- Market structure – free market versus socialist structures
- Regulatory framework – the disjointed regulatory frameworks and mixed agendas and the sense of urgency in the global regulatory framework
- Cultural setting – Anglo-Saxon, European, Middle Eastern, Far East, etc.
- Reliance on macro-economic tools including monetary and fiscal policies
- Skewed nature of national performance measurement
- Balance between equilibrium and disequilibrium clearance mechanisms in the economy
- Erosion of moral hazard and other distorting signals
Saturday, 24 July 2010
We link today’s article to one of our main themes on our home page, namely the ‘Battle against the Status Quo’, or as per the title of this posting, ‘The Morass of Mediocrity’.
The underlying intent and theme is that of competition and competitive behaviours and the difference between rules based and principles based standards.
It is our opinion that a rules based culture encourages more insular and introspective behaviours, where the rush is for the middle ground of mediocrity, rather than as the opposite principles based culture would be the encouragement for the search for innovation and competitiveness at the margins and extremes of the ‘functional envelope’. By this we mean the parameters and frameworks set-out in the principles based environment, to ensure that a well-defined playing field (not necessarily level), is established and market participants understand their boundaries and culture norms they have to adhere by as part of the participation process.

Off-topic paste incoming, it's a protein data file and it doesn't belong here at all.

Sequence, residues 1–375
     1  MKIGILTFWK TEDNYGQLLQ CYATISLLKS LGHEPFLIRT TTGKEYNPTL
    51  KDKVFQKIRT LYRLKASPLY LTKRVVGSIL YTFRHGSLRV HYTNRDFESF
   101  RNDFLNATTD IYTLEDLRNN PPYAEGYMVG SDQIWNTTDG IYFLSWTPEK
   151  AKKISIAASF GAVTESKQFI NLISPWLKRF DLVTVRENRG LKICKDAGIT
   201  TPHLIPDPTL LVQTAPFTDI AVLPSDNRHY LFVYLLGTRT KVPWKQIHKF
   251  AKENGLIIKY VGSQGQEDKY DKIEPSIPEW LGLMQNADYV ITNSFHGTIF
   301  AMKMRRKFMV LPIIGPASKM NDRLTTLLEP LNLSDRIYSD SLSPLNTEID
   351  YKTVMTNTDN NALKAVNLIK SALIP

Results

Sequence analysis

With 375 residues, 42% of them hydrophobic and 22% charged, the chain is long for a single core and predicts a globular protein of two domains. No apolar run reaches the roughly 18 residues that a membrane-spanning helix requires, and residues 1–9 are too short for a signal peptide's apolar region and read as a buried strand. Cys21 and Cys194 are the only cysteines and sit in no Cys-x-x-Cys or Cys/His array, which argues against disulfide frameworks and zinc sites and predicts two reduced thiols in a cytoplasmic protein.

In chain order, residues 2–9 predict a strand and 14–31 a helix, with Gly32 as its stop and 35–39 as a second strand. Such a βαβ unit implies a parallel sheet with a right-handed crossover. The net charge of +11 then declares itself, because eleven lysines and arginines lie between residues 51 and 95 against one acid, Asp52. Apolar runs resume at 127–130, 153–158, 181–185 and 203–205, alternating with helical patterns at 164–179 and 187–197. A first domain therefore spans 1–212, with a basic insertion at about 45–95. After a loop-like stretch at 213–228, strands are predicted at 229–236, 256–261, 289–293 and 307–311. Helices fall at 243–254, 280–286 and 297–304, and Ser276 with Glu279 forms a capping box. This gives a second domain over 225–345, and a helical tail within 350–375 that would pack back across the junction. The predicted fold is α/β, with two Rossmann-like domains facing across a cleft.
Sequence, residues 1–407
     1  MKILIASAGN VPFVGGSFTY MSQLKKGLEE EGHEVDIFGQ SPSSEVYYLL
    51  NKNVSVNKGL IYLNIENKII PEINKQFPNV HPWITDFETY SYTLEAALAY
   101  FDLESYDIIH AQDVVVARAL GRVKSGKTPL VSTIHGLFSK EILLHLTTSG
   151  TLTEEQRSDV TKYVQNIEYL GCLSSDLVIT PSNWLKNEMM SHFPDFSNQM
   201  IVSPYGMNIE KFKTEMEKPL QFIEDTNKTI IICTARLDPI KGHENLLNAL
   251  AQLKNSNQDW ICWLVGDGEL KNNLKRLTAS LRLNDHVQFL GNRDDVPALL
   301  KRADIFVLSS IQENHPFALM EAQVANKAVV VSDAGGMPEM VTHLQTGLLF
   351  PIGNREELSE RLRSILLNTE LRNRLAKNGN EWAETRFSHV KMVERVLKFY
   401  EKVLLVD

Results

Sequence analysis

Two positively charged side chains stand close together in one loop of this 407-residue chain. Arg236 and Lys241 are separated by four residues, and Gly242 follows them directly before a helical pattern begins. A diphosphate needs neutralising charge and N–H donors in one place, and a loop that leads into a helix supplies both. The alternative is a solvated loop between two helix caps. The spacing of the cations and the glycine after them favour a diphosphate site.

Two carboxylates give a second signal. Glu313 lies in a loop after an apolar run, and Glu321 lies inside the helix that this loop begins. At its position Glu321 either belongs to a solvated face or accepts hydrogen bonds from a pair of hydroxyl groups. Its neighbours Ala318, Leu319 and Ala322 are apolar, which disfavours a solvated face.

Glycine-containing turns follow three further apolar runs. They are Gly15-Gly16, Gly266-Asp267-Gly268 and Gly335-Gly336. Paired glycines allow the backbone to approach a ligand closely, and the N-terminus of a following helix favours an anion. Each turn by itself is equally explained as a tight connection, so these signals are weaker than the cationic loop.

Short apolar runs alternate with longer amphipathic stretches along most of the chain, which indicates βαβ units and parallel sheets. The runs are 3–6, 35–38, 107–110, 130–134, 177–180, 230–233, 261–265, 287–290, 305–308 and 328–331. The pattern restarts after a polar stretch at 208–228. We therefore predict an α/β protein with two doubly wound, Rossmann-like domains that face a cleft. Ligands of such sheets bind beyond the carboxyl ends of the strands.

Yet, apparently, a more principles based regulatory framework is exactly what is being blamed for the Credit Quake of 2008 – 2010.
And if we analyse the circumstances that led to the regulatory failure and debt driven imbalance we currently experience, we would discover that it is because we operate in a hybrid world with symbiotic elements in the relationships between the private, public and third sectors.
Some of these factors include, but are not limited to:
However, as a mainly libertarian focussed publication, it would be remiss of us not to endorse the principles of minimal interference (small government in other words), yet we also realise that this has to be tempered with personal responsibility. However, because the symbiotic (hybrid) relationships have become so skewed and dysfunctional over the last few decades, was it any surprise that the uncertainty this created led to opportunist behaviours? Because a ‘moral compass’ is a very relative term, is it no surprise that depending on your own individual position and point of view, that the direction it indicates will be different from others?
The G20 are meeting again this weekend and the global regulatory framework will again be in more detailed focus, yet other priorities are again distracting the main thrust and issues on the agenda.
Therefore to conclude this brief interlude into the ‘morass of mediocrity’, the real question is:
If we all run and work hard for the centre ground, who will remain at the margins, pushing the envelope and ensuring that we break the tyranny of the status quo by exploring new unchartered territories and responsible risk taking behaviours?